Discussion led to the exterior of the building. The drawings provided reflect the building looking at it from the southwest. The plan was revised to assign windows where daylight was specifically needed. Sawatzke felt clear windows should be used versus colored. With regard to the LEC, Lindemann said the issue of where to provide natural light has been a lifelong debate (private offices vs. open spaces). He recommended the use of the stoops on the roof to provide natural light to this area. The plan presented on 10-10-06 called for 100% glass on the exterior of the LEC. The plan has been revised to include 70% solid walls and 30% glass. On the drawings, the darker areas of the LEC and the bottom half of the jail are proposed with precast sandwich panels or precast concrete. The upper portion of the LEC has a band with punched openings for windows. There are some punched openings in the lower level. The previous plan reflected a lobby area. Work is underway on the lobby plan and it is not reflected in the drawings being presented today. The idea is to have a 70%/30% split between solid and glass. The round forms were removed as well as the dome. The lobby was simplified. Lindemann concluded that there are another 75 days remaining in the Design Development Phase. He asked for Board direction on size and what would be included. They would then come back with a specific design.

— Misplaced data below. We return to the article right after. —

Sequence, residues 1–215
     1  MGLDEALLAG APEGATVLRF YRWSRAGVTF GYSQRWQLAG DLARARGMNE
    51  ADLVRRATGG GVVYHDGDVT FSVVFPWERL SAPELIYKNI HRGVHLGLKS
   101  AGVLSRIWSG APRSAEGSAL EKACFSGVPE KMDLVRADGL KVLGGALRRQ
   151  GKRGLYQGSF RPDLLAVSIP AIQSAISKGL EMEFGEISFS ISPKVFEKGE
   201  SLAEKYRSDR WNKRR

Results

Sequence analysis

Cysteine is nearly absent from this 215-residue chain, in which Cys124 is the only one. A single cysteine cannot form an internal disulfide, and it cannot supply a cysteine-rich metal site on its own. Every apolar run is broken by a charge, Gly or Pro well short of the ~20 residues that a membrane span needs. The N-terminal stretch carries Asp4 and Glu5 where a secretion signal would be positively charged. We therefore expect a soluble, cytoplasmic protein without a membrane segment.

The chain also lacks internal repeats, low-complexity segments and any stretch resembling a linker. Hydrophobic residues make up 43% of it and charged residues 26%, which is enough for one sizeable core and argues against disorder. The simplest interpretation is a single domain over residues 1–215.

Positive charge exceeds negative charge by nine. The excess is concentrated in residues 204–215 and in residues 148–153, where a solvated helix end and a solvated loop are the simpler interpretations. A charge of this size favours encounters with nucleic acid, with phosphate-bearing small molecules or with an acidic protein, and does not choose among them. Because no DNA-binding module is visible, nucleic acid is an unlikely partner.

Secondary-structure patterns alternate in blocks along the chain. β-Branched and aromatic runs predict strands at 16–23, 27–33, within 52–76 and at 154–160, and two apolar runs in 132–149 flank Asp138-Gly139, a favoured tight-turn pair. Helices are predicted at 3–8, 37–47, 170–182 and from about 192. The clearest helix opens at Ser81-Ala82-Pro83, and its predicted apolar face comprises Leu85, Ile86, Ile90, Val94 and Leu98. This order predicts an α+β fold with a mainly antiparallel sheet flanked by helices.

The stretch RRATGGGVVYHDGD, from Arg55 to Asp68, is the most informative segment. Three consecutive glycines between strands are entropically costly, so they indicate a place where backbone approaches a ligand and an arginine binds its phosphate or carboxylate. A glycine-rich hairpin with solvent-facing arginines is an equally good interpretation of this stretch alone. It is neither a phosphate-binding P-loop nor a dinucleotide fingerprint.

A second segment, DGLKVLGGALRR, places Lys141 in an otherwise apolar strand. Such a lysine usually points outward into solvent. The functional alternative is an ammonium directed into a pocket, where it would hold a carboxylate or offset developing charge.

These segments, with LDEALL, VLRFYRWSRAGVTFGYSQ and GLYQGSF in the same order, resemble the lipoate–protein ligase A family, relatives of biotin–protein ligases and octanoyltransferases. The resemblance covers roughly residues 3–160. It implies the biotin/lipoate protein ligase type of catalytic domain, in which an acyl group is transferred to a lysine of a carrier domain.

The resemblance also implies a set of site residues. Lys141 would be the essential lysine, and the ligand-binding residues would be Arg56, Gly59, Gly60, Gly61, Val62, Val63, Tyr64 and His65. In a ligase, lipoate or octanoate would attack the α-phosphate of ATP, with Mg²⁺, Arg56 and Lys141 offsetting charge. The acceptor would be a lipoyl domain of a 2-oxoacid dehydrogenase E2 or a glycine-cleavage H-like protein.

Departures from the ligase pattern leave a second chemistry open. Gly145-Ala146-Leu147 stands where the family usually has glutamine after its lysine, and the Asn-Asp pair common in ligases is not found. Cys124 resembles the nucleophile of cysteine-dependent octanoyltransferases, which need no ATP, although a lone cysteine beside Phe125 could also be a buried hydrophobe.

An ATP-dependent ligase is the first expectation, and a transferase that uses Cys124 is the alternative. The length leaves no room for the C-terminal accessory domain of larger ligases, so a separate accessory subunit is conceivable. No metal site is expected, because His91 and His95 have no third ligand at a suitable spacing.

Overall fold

The meeting was recessed at 10:42 A.M. and reconvened at 10:51 A.M.
Mark Liska, A&P, introduced Project Manager Tara Martin who will be located on site, and Estimator Bill Blotske, Estimator, who has attended meetings with the design team and staff. He said Blotske would address the methodology for changes in cost from 10-10-06 to today. Martin would summarize the cost reductions to date. Blotske said evised costs are based on the information provided on changes to the plan by KKE. Instead of completing an entire new estimate, they based their cost estimates on the changes to the original schematic of 10-10-06. This was done based on time and efficiency. From here, they would proceed into the Design Document Phase which is a separate estimate from the Schematic Design Phase.
Martin provided an overview of changes as outlined on the Schematic Estimate-Design Options/Value Analysis. Items 3-8 relate to roads and parking lots and provide approximately $313,000 in savings. The use of swales was not included at the time the cost savings was drawn up and has not yet been evaluated. Items 9 & 12 address design efficiency cost savings at about $1.1 million. Item 10b, precast wall option, provides a cost savings of $376,000. Items 11 & 13 deal with the location of the mechanical room to the first floor and the elimination of the curtain wall at the LEC, providing a cost savings of $100,000. Item 14 provides the option of early bid packages for such things as utilities, site preparation, footings, site foundations, and modules. Liska said early bid packages will minimize the effects of inflation, estimated at 6.2% per year on the construction end. With bidding such things as utilities, cell modules, site excavation and footings in the Spring, the contractors could be mobilized on site to commence work. If the Board would elect to go with the geo-thermal option, that package would be pre-bid as well. Work could be completed in the Winter. Some unanswered questions are whether gravel will be mined/stockpiled on or off site and who will take the lead in preparing bid documents. This may require a separate contract. The desire would not be to stockpile other materials and hide the site. Whoever owned the material should remove it from the site.